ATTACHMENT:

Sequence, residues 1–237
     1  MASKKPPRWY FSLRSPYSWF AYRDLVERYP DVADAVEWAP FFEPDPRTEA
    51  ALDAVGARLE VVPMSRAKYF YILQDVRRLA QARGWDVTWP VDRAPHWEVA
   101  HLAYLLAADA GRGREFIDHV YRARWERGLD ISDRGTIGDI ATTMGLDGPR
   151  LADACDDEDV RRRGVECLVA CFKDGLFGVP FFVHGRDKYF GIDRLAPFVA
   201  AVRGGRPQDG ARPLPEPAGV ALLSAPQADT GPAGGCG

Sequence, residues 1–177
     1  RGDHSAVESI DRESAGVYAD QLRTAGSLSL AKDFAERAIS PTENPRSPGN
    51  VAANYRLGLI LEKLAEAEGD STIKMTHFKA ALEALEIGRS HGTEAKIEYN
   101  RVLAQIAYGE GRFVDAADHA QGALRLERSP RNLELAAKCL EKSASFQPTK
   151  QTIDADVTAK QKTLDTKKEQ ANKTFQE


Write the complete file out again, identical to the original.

Sequence, residues 1–237
     1  MASKKPPRWY FSLRSPYSWF AYRDLVERYP DVADAVEWAP FFEPDPRTEA
    51  ALDAVGARLE VVPMSRAKYF YILQDVRRLA QARGWDVTWP VDRAPHWEVA
   101  HLAYLLAADA GRGREFIDHV YRARWERGLD ISDRGTIGDI ATTMGLDGPR
   151  LADACDDEDV RRRGVECLVA CFKDGLFGVP FFVHGRDKYF GIDRLAPFVA
   201  AVRGGRPQDG ARPLPEPAGV ALLSAPQADT GPAGGCG

Sequence, residues 1–177
     1  RGDHSAVESI DRESAGVYAD QLRTAGSLSL AKDFAERAIS PTENPRSPGN
    51  VAANYRLGLI LEKLAEAEGD STIKMTHFKA ALEALEIGRS HGTEAKIEYN
   101  RVLAQIAYGE GRFVDAADHA QGALRLERSP RNLELAAKCL EKSASFQPTK
   151  QTIDADVTAK QKTLDTKKEQ ANKTFQE